February 25, 2009

Vietnam Vet and Iraq War Protester Dies at Age 62

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On Feb. 19, Peter J. DeMott, a local peace activist, died from injuries he sustained after falling from a tree. DeMott, served in both the U.S. Marines and the U.S. Army and spent much of his life protesting war, most recently the Iraq War. He was 62.
DeMott was born in Washington D.C. in 1947, but, according to his autobiography, grew up in Minnesota and Nebraska. After serving in the Vietnam War, DeMott developed strong anti-war views.
In a personal biography, DeMott wrote, “My experience in the military convinced me of the futility of war and of the sad misallocation of resources which war-making requires … My faith in God prompts me to work for a world which unifies us all by ties of love and solidarity and mutual cooperation.”
DeMott was involved in several acts of protest during his life, including one incident in 1980 in which DeMott drove a van into a Trident submarine at General Dynamics Electric Boat shipyard in Groton, Conn.
As a member of the Ithaca Catholic Worker community, DeMott spent much of his time working for peace and justice as well as trying to uncover the sources of poverty and homelessness. After traveling to Iraq in 2003 with a Christian Peacemaker Team delegation, DeMott devoted his time to speaking out against the U.S. sanctions placed on Iraq.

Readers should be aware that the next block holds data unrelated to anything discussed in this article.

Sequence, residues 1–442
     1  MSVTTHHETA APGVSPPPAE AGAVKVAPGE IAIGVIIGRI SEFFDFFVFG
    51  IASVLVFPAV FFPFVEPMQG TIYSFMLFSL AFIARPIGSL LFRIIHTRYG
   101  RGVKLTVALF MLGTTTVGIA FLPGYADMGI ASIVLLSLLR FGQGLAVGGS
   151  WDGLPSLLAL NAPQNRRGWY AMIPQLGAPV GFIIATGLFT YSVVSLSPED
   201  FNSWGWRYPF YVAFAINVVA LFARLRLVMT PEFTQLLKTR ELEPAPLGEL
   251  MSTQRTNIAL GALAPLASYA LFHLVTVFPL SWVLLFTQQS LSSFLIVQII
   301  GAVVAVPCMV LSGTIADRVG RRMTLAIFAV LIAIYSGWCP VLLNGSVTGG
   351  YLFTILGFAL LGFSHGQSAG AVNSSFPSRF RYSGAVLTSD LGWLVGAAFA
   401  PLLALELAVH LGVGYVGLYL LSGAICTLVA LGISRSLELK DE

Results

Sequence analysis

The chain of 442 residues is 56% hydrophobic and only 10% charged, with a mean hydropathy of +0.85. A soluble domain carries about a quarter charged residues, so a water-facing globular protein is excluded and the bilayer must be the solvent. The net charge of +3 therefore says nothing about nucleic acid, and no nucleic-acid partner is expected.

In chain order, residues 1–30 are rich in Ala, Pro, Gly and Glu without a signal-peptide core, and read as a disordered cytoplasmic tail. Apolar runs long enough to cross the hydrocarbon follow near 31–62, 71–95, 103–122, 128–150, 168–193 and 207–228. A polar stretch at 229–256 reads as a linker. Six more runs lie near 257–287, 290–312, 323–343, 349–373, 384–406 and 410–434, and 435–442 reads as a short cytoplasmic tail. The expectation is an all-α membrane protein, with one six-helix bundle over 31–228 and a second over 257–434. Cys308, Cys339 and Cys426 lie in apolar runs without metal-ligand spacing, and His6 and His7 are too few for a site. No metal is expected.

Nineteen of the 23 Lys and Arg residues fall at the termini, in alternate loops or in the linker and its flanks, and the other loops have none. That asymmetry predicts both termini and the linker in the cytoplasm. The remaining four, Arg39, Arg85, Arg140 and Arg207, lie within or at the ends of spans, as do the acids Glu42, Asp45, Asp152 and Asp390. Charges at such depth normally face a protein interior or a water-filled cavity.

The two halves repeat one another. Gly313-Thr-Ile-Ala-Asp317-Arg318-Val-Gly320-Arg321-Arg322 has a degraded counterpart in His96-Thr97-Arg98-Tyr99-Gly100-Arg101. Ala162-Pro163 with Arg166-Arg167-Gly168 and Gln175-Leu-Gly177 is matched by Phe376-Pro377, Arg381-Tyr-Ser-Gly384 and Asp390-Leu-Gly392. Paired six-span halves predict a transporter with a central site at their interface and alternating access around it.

DeMott was widely recognized after he and three other war protesters poured their blood on an American flag and around the entrance of the Army Marine Recruiting Center in nearby Lansing, N.Y. During their trials in Binghamton, the four protesters were often referred to as the St. Patrick’s Four, since their act of non-violent civil disobedience took place on St. Patrick’s Day, just before the 2003 U.S. invasion of Iraq.
All of the protesters, including DeMott, were eventually found guilty of misdemeanor charges for trespassing and vandalism, with each carrying a sentence of up to six months.
“The real crime, as we’ve always stated, is that our government conspired against the American people and led us into an illegal and immoral war,” DeMott said during his trial. “The task is now upon us all to better understand the criminality of our government’s aggression and, as citizens, to act accordingly to demand that our government adheres to international law.”
During his sentencing in Binghamton, DeMott held a moment of silence for the victims of the Iraq War, both American and Iraqi. DeMott was sentenced to four months in federal prison.
DeMott is survived by his wife, Ellen Grady, and four daughters.